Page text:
In free piston engines, the stroke of the piston is used directly to produce hydraulic, pneumatic or electric energy. This can be done with a single piston in one combustion chamber, or with more pistons in one or more combustion chambers. The different designs of free piston engines can be divided into three categories: ‘single piston’, ‘dual piston’ and ‘opposed piston’.
All three categories of free piston engines have their own specific advantages and disadvantages. This paper evaluates the conceptual differences. The evaluation will be restricted to free piston engines with compression ignition at the combustion chamber side and hydraulic energy production at the user side. The evaluation will be supported with measured data on the diesel hydraulic engine which has been developed by the Dutch company Innas BV.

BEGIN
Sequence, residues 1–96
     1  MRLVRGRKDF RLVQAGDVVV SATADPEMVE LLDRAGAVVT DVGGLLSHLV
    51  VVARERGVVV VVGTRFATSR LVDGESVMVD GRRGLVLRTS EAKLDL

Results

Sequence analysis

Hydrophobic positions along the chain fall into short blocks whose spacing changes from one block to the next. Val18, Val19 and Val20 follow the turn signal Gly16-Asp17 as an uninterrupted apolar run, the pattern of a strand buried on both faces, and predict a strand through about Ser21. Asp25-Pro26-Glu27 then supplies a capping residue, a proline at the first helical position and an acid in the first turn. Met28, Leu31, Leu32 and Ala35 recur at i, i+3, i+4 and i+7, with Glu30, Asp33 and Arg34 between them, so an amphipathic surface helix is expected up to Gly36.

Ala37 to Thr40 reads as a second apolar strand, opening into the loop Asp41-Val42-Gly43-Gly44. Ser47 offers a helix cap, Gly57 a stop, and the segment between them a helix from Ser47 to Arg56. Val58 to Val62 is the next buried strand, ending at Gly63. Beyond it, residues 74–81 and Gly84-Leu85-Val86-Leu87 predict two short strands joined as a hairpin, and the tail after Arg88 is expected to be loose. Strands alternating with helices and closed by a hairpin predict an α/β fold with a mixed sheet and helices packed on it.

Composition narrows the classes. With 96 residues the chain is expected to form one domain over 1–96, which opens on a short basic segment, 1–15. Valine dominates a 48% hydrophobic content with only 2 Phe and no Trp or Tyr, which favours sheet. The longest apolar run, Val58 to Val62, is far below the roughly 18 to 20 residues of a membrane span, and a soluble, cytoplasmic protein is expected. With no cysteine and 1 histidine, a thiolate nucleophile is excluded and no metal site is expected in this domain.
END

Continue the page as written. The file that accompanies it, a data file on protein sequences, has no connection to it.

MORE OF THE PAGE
The evaluation shows that the single piston concept is favourable compared to both other concepts. The single piston engine has advantages regarding costs, efficiency, control, and the simplicity of its construction. The evaluation also shows that the single piston concept has no disadvantages regarding vibrations, not even when the piston stroke is not balanced with a counter weight. By means of choosing the correct mounting, almost all vibration transfer to the frame can be avoided.